Friday, August 31, 2007

And he plays a mean gi-tar.

I was tooling around the IMDb the other day and stumbled upon old Ronny Cox's page (a candidate for HITG if ever there was one). One thing about the profile pages on IMDb is that sometimes the pictures they choose to be up top can be unflattering. On the other hand, if you're someone like Melissa Gilbert, your picture may attract, ahem, a whole new legion of fans.

But then there's Ronny, who only has two pictures on his page. One is a classy, straightforward shot of him in a nice suit:

And the other also has him looking classy in a suit... and standing proud in front of a giant machine gun-toting robot.

Lookin' good, Ronny. Lookin' real good.

Thursday, August 30, 2007

How do you make a Christian Conservative's head explode?

Tell them there is some promising new research using stem cells to cure homosexuality.

Crowding the Jury Room

I mentioned before how my video got featured on the website "Very Short List" two months ago. One thing that is cool about the site is that the logo on top of the page is unique for each entry by way of placing the letters within a picture related to the post. In my case, they took a still from 12 Angry Men and placed the letters under, over and through the cast.

The choice was a great one because (a) the film was featured in the clip show and (b) it was one of the few titles featured that actually had a number in the title. An added bonus is that this is one of my very favorite films.

VSL is really a great site and it's nice to have their updates emailed to me every day. So go and take a visit over there. It's worth it.*

*(And, no, they're not paying me)

Wednesday, August 29, 2007


Well put:
"The tragic lesson of Katrina is what will happen when men and women who openly despise our government -- who brag they plan to weaken it until they can drown it in a bathtub -- are allowed to govern. After telling the nation that they and only they could keep us safe from any and all threats, the neo-clowns were caught off guard by a Weapon of Mass Destruction called 'water,' arising from a storm that could be seen lumbering toward the Gulf Coast from the surface of the moon for a week. Choose your leaders wisely; these neo-GOP idiots couldn't run a rib-joint let alone the United States of America. And sooner or later, given the chance, it will be your town they drown in the bathtub."

"Obey the Rules"

A look at the exclusive Sleuth poster (Via ComingSoon):

Appropriately enough, it's being released on October 12th, which will be my 34th birthday.

Don't let me down, Branagh.

Tuesday, August 28, 2007


As sad as this news is, my hand compulsively keeps snapping up in a Strangelove-esque manner and types out "I'd be depressed too if I made You, Me and Dupree".

Damn, did it again.

In all seriousness, here's hoping Owen Wilson gets better. The man has a lot of talent and a lot to live for. And if his recovery prevents him from making yet another film with Ben Stiller, so be it.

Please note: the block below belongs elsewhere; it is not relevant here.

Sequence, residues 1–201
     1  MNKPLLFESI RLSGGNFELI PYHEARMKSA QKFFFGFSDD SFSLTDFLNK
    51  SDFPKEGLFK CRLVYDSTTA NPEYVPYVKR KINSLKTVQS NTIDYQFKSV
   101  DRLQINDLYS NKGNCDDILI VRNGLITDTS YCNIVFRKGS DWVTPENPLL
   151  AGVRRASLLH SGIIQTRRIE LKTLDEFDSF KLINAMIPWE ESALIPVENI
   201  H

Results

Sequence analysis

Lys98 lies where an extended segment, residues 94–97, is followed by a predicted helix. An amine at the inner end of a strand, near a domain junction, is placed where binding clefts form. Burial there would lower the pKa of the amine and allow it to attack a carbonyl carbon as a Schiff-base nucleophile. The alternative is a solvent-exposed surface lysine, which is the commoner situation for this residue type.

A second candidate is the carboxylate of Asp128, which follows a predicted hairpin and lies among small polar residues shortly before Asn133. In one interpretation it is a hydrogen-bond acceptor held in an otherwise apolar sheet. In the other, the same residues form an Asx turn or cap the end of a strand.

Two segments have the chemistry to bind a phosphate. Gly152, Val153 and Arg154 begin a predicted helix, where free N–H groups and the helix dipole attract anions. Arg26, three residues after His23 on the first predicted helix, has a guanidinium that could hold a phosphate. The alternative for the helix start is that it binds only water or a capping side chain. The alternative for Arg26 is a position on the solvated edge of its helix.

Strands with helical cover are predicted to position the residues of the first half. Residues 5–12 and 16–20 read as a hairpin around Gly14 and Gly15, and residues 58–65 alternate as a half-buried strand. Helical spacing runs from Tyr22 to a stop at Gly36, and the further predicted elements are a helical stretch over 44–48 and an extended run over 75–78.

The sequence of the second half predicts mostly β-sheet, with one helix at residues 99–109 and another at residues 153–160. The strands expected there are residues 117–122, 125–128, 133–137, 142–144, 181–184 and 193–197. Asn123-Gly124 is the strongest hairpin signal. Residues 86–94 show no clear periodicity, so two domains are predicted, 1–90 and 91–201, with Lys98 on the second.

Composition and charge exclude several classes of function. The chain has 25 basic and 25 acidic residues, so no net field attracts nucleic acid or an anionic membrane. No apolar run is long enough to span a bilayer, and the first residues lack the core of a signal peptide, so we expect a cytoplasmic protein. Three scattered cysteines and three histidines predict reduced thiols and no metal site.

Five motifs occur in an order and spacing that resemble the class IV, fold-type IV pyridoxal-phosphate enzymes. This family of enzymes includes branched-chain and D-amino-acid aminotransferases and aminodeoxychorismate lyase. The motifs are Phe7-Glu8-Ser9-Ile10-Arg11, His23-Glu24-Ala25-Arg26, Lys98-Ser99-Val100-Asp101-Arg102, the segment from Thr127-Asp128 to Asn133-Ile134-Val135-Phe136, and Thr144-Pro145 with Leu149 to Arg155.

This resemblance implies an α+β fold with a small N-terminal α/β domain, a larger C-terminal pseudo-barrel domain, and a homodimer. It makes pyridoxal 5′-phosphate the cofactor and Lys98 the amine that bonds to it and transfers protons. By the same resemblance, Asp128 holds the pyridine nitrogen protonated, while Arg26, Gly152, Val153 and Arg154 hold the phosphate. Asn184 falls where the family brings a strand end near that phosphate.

Sunday, August 26, 2007

M-O-O-N: That spells "Heresy"

I am so, so, so sick of hearing this crap week after week. The three Republicans who said they did not believe in Evolution are to be held partially responsible for stuff like this:
As even most elementary-school graduates know, the moon reflects the light of the sun but produces no light of its own.

But don't tell that to the good people of Waco, who were "visibly angered by what some perceived as irreverence," according to the Waco Tribune.

Nye was in town to participate in McLennan Community College's Distinguished Lecture Series. He gave two lectures on such unfunny and adult topics as global warming, Mars exploration, and energy consumption.

But nothing got people as riled as when he brought up Genesis 1:16, which reads: "God made two great lights -- the greater light to govern the day and the lesser light to govern the night. He also made the stars."

The lesser light, he pointed out, is not a light at all, but only a reflector.

At this point, several people in the audience stormed out in fury. One woman yelled "We believe in God!" and left with three children, thus ensuring that people across America would read about the incident and conclude that Waco is as nutty as they'd always suspected.
Sixty years ago, America was seen by the world as a noble superpower. Thanks to people such as this, we are now the heavily armed retarded guy that lives up the block.

Saturday, August 25, 2007

From Russian Roulette to More Cowbell

Question of the Day: When was the exact moment that Christopher Walken became "Christopher Walken"?

I think most of you know what I'm talking about.

Christopher Walken broke out through his 1978 Oscar-winning turn in The Deer Hunter. His character, Nick Chevotarevich, personified the concept of the walking wounded. One watches that film and connects so firmly to the character that we're right alongside Robert DeNiro in his determination to find his old friend again on the backstreets of Saigon.

After that, Walken had steady work. He famously got a chance to show his dancing chops in Pennies from Heaven. He also starred in what is considered to this day to be the best film adaptation of a Stephen King novel, The Dead Zone. In 1985, he got his first big chance at scenery chewing as a James Bond villain in A View to a Kill. Though I don't think this was the moment I'm looking for, it did mark a beginning for his playing heavies that could be simultaneously scary and hilarious. Witness his drill sergeant in Biloxi Blues, his drug kingpin in King of New York or his memorable mobster in True Romance.

And then we have 1994's Pulp Fiction, which I think most people would point to as the moment. His monologue about the fate of a gold watch immediately became legend, and in a way it signaled a far bigger career change than John Travolta's role in the same film. But I don't think it was even this moment that was the moment for Walken.

No, I think it all comes down to Saturday Night Live.

Although they may not think of it in these terms, most people who watch Saturday Night Live can intuitively place hosts into one of three categories: The totally lost, the willing participants, and those that fit right in. From his first appearance on SNL back in 1990 (he's hosted six episodes total to date), Walken has consistently shown the cast of regulars how it's done.